Committee on the Elimination of Discrimination Against Women, Concluding Observations: Japan, U.N. Doc. A/49/38, paras. 546-607 (1994).
546. The Committee considered the second and third periodic reports of Japan (CEDAW/C/JPN/2 and CEDAW/C/JPN/3) at its 248th and 249th meetings, on 27 and 28 January (see CEDAW/C/SR.248 and 249).
547. In presenting the report, the representative of Japan underlined the importance that her Government attached to the monitoring role of the Committee and pointed out that the change in government in her country in August 1993 had led to epoch-making changes with respect to the status of women, in particular with regard to the participation of women in policy decision-making in various fields. As examples she mentioned the appointment of three women Cabinet ministers, of a woman as Supreme Court justice for the first time ever and of the first woman Speaker of the House of Representatives. Copies of the two reports had been widely distributed among members of the Diet, political parties, major women's organizations and journalists. In drafting the third reports, views of non-governmental organizations were also taken into account and the Advisory Council to the Prime Minister had been consulted.
548. The main features of the current situation of women in Japan were the progressive ageing of the female population, a decrease in the number of births, a trend towards higher educational attainment, the tendency of women to marry at a later age and an increase in the number of working women. Women occupied prominent positions in the Administration, the judiciary and the legislature. The rate of female membership in the Diet was 6.8 per cent and in national advisory bodies it was 10.7 per cent. The proportion of women filling managerial posts in the public and private sectors had also been increasing. The representative highlighted the major achievements since the consideration of Japan's initial report in the areas of education, employment and agriculture. She spoke of the plans for enhancing the authority of the national machinery by raising its membership to the ministerial level and appointing an Equal Participation Coordinator with the rank of Director-General in every ministry and agency.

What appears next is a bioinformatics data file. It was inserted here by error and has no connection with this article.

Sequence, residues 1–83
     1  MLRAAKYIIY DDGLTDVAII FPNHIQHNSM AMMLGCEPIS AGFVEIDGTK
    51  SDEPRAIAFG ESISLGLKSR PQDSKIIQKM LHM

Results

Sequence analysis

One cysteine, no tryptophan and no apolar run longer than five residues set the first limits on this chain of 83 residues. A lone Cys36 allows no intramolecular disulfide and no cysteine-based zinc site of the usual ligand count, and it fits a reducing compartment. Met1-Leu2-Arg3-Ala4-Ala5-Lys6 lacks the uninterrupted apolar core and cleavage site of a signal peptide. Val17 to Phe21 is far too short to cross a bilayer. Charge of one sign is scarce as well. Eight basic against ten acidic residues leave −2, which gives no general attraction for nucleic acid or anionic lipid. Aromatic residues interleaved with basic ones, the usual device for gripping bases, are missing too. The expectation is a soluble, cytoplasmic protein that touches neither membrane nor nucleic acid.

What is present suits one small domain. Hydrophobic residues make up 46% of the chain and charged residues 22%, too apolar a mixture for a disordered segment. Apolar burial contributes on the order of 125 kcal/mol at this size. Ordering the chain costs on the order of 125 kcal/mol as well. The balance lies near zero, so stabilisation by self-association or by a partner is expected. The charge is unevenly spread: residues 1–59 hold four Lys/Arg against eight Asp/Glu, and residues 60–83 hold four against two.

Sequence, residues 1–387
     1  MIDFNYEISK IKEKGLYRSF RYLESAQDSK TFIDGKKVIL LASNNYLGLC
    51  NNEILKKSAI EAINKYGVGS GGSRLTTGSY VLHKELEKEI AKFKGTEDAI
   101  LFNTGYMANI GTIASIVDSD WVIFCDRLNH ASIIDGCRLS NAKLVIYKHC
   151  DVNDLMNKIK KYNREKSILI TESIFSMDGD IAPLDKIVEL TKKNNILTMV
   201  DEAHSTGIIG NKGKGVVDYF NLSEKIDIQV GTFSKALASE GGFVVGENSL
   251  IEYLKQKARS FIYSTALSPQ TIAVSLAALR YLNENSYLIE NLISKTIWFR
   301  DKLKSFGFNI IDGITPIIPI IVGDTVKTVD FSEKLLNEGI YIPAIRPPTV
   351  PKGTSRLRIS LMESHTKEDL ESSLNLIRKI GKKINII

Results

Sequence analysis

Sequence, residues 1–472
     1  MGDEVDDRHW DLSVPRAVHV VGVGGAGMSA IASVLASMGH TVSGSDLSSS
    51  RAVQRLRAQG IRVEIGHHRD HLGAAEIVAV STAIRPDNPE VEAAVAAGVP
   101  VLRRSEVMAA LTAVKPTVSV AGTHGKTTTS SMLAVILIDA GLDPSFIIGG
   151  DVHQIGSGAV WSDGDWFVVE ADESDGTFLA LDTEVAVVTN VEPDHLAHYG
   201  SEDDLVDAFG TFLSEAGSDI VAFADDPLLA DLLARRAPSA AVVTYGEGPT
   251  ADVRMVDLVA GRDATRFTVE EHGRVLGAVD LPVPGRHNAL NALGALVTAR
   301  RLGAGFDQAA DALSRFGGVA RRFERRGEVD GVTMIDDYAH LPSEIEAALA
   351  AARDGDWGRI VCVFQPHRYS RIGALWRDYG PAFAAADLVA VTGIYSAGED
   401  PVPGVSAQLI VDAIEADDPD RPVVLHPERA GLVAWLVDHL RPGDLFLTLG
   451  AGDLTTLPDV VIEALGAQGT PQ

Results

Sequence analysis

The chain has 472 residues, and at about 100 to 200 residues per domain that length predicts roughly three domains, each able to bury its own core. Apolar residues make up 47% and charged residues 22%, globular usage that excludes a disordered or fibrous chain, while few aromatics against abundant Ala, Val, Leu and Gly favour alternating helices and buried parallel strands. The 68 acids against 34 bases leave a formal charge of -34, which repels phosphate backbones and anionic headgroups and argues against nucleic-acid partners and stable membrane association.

549. Harmonization of work and family responsibility was of great importance to attaining de facto equality. That was why the Child-care Leave Law had been put into force and subsidies given to employers to set up and run child-care facilities. In the Japanese civil service women were free to take entrance examinations in every job category. In 1989 Japan had revised the rules as to which country's laws applied in private international law cases, so as to establish full equality of the sexes before the law with respect to international marriages and adoptions. She explained that since January 1991 the provisions in the Civil Code regarding marriage and divorce had been in the process of being reviewed. Local governments had been very active in promoting measures relating to women since the ratification of the Convention and the community of non-governmental organizations was very active in Japan. The representative said that de jure equality had almost been attained; however, customs deeply rooted in stereotypes and the poor representation of women in the decision-making process prevented women from achieving full de facto equality.